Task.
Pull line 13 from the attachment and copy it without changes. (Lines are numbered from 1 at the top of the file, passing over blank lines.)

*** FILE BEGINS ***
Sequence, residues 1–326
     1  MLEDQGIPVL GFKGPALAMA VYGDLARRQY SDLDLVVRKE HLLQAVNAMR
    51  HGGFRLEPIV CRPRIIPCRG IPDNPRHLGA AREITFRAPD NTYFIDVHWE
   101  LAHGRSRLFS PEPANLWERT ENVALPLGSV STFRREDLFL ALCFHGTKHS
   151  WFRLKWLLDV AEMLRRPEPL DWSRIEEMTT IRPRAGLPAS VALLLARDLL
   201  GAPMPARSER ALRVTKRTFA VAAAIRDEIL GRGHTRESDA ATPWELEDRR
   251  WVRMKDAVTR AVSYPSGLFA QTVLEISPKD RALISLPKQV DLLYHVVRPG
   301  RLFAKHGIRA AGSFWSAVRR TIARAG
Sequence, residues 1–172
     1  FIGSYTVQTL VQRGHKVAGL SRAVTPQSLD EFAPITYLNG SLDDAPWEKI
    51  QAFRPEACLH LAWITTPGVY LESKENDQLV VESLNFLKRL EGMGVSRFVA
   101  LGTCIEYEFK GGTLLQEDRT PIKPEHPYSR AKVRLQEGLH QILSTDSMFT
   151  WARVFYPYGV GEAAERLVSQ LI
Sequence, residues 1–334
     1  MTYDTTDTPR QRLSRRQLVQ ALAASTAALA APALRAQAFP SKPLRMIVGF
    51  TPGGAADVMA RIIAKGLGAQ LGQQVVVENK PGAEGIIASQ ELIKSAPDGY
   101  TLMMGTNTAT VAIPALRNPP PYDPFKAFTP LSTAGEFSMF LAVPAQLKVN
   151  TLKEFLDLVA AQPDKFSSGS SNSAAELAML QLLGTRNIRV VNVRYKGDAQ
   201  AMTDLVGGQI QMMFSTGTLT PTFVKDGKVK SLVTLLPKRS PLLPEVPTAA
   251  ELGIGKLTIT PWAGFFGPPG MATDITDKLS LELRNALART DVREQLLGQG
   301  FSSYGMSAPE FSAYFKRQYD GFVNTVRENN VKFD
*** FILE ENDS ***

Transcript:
   151  WARVFYPYGV GEAAERLVSQ LI